US: 978-0316127356, feb 2013
To readers like me, the name Lawrence Block is inextricably linked with Matthew Scudder, Block’s long-running PI protagonist, who makes New York his own, and whose adventures are as much about the city and Matt’s struggle with alcohol as they are about crime. But Block is one of those authors who likes to experiment, who likes to do different things. From his early erotica through the globe-spanning Tanner thrillers and on to more intriguing standalones like Small Town, Block doesn’t ever follow a predictable pattern.
Some of those other projects, some are weaker than others, but one of the more interesting of Block’s characters has always been Keller, the philately obsessed Hitman.
Keller is an odd character, and while the romantic notion of the hitman is of a man always in motion, Block bucks that trend by making Keller an introvert who always seems to be more comfortable with his stamps than with being in the thick of the action. He is just a guy who happens to be very good at something. And that something is killing people.
Last seen in Block’s HIT AND RUN, Keller is found living a new life with a new name and a new wife. He has left his old job behind, and is quite happy being with his family and seeking out new additions for his stamp collection. But this is a Block novel, and trouble is never far away. Keller, you see, has kept his old phone handy for reasons even he never quite seems to fathom. And when it rings, and his old handler, Dot, asks him to do one more job, he may protest, but it’s not long before he’s back in the game.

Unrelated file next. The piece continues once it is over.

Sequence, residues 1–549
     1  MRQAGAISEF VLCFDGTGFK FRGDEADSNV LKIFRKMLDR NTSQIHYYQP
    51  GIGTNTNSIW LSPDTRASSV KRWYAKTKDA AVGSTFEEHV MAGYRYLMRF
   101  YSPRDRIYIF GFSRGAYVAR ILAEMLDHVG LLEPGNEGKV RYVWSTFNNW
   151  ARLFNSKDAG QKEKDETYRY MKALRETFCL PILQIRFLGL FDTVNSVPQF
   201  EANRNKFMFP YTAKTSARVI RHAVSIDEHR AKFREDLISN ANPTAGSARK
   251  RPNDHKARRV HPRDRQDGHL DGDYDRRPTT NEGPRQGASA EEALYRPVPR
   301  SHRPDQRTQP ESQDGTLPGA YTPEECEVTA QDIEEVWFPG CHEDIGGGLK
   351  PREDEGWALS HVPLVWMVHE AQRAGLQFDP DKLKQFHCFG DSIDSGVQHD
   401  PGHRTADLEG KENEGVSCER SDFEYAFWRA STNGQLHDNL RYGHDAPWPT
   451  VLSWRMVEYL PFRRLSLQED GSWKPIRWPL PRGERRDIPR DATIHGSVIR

As with most Keller books, HIT ME is more a collections of novellas with a gently running theme than an actual novel. Keller moves from assignment to assignment, with small threads picking up between each individual segment. In this case, its Keller adjusting to his new life and the way in which his wife deals with the revelation about her husband’s past (hint: it’s not quite the reaction you’d expect; its far more interesting than that).
Keller’s stillness and interest in philately are great counterpoints to the nastiness of his job, and help explain how he is able to do what he does and still be a “nice guy”. He’s one of those people who can compartmentalise the world, and still comes out of doing what he does with empathy.
There are no end-of-the-world stakes here, merely small, occasionally violent episodes that cleverly reveal more about the kind of business Keller deals in and how even the most unlikely people can be pulled into his world. Block is at his best when he’s dealing with the small details of his character’s lives, although Keller’s interest in obtaining certain rare stamps can border on the obsessive (I’m not much of a stamp collector myself, but clearly Block is!) and occasionally slow the pace down just a tad. However, there’s more than enough emotional and narrative interest here to keep you turning those pages. Through it all, the conflicting realities of Keller’s internal calm and the external chaos of his work remain absolutely fascinating.
Although my first love will always be Scudder, I have always applauded Block’s willingness to try new things and approach different character types in his fiction. Keller is intriguing enough in his own right, and Block gives him plenty of interest in this latest book, along with some fascinating new assignments (although he’s at his most interesting trying to get back into the game, recalling old muscles he let go slack), and his relationship with his Handler, Dot, remains an absolute highlight. If you didn’t like Keller before, this won’t change your mind, but if you did, you’re going to love his return. And if you’ve never tried one of Block’s Keller books, you should consider picking this one up. You might just get a kick (or a hit) out of it.
Russel D McLean for crimescenescotland 16/01/13